The Ups and Downs of the Decade.
The 1980s was to be a tumultuous decade, both personally and musically. Those 10 years witnessed the birth of our son, who joined his 2 sisters to complete the family; a crisis at work which resulted in me being granted a year’s secondment to study at Newcastle University; a crisis at home which led to the break up of my marriage; a mid-life crisis (as I approached the dreaded 40), and eventually setting up in a place of my own. All these events were played out to a background of popular music. I partied to Frankie Goes to Hollywood and Soft Cell and drowned my sorrows with Tracey Chapman or The Cure. I had music to suit most occasions and moods. I wasn’t a depressed teenager so the downbeat offerings of The Smiths did not initially appeal to me. So it was only later that I came to appreciate their haunting melodies and provocative lyrics. The same thing happened with The Stone Roses. I discovered them in subsequent decades but now revere their peerless first album as a timeless classic. Better late than never as they say. I tried the same trick with The Joy Division, belatedly purchasing their second album “Closer”, but never got into their depressing, doom-laden sound.

Trying to Keep Up.
Obviously, by the time of the 1980s I had left my adolescence far behind. I no longer had the luxury of listening to pop music whenever I pleased. I had other priorities such as: teaching career, family and political campaigning to take up much of my time. Therefore it was impossible to keep up with the myriad of musical trends, the latest releases or new artists. I fell further and further behind, such that whole movements and major new performers appeared on the scene with me only being vaguely aware of them. As well as a constant “to do” list , I also had a “to listen to” list which I never got near to the bottom of. For a time I beat myself up for not keeping up, but I then sensibly decided to do just what I could and not worry about falling behind. After-all, it was not a race and nobody was judging me except perhaps myself. This was still a pre-Internet age for the majority of the public, including myself. Getting to know new music was not a question of You-Tubing, Spotifying or instantly downloading. One had to tune-in to lots of radio or spend hours in the listening- booths of the high street record stores – all very time-consuming.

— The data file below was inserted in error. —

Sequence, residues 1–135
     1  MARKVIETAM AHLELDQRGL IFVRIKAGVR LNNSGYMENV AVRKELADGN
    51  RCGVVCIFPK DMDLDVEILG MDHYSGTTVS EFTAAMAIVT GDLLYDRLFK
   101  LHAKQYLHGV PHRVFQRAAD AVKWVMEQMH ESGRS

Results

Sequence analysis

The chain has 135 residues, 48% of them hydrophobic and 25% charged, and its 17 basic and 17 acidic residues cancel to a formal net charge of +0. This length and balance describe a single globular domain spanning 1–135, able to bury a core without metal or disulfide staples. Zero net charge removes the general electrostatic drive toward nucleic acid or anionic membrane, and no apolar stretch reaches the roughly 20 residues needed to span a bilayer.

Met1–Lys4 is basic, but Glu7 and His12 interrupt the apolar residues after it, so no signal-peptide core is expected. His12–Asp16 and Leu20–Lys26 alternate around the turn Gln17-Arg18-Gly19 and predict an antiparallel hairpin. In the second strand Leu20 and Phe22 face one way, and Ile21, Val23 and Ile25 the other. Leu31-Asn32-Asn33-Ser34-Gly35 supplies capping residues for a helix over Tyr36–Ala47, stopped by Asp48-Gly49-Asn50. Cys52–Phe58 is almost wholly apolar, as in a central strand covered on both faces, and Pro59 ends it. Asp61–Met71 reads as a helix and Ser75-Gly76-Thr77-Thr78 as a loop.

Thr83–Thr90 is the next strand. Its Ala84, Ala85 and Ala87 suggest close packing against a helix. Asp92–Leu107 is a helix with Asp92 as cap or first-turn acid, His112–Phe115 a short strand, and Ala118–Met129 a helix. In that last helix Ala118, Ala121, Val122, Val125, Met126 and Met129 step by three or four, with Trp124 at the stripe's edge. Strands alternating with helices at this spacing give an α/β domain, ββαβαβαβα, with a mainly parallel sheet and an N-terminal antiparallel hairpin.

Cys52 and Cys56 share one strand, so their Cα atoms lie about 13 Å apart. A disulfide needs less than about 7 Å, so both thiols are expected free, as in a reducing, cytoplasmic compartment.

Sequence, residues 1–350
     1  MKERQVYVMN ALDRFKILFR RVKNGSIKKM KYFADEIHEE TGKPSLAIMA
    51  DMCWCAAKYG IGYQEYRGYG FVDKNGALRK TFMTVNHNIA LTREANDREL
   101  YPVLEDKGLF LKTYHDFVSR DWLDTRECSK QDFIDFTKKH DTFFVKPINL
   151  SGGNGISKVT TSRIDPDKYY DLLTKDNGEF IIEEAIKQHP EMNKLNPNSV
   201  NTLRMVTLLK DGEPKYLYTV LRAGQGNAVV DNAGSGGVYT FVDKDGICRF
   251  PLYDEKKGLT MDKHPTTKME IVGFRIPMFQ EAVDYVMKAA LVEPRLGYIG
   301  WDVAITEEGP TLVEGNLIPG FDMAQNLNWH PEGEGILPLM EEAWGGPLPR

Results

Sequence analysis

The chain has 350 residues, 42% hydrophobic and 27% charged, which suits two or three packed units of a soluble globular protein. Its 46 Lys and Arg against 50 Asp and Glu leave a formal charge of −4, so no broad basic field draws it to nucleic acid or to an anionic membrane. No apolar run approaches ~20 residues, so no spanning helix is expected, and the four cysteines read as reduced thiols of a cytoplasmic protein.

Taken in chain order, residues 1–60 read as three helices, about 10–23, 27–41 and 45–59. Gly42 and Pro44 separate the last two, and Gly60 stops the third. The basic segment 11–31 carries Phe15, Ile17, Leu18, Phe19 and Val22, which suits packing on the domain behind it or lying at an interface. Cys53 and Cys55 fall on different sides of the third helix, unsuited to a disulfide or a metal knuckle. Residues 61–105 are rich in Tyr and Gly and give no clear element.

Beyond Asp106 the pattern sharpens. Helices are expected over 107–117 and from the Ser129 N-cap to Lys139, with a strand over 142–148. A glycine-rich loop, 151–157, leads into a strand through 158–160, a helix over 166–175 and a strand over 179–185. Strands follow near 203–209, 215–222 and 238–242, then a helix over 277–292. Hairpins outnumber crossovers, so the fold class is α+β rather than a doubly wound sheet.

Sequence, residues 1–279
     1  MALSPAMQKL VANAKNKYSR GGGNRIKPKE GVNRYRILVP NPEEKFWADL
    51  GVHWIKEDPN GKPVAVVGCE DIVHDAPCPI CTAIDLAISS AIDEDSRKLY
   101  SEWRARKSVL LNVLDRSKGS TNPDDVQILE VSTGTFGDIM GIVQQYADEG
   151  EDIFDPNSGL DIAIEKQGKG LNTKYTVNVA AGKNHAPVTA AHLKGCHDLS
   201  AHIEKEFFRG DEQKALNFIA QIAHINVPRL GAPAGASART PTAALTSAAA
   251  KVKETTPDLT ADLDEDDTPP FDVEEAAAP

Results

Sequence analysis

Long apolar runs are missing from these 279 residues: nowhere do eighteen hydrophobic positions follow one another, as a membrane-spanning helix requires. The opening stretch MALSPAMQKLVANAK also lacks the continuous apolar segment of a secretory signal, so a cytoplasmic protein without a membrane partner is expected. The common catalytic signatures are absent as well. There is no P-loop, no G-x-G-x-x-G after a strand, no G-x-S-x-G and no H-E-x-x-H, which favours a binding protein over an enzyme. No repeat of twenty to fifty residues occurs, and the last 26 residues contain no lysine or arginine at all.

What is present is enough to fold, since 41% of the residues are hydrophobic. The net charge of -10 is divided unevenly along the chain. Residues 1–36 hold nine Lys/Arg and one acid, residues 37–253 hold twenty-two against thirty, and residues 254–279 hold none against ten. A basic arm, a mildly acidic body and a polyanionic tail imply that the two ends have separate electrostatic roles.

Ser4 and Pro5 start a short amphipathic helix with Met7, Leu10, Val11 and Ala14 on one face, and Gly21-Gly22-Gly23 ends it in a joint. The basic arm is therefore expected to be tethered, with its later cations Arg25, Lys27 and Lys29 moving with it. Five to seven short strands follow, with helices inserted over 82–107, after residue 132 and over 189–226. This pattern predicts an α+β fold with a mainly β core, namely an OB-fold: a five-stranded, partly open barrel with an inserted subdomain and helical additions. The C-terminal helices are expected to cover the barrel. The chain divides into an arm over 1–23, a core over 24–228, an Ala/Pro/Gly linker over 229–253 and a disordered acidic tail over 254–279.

The task of keeping up became all the more complicated in the 80s because of the multiplicity of styles and genres that appeared. Once upon a time, life had seemed so simple — a straight choice between classical and pop. Now the popular music scene was fragmenting at a frantic pace. I was faced with a mind-boggling choice between: rap, hip hop, techno, House, funk, soul, folk, reggae, country, blues, New Romantic, New Wave, heavy metal, hard rock, soft rock, Indie, Goth, synth pop, post punk and uncle Tom Cobbly and all! It gives me a headache just to think about it all. As one commentator noted, it was a decade that refused to be pinned down.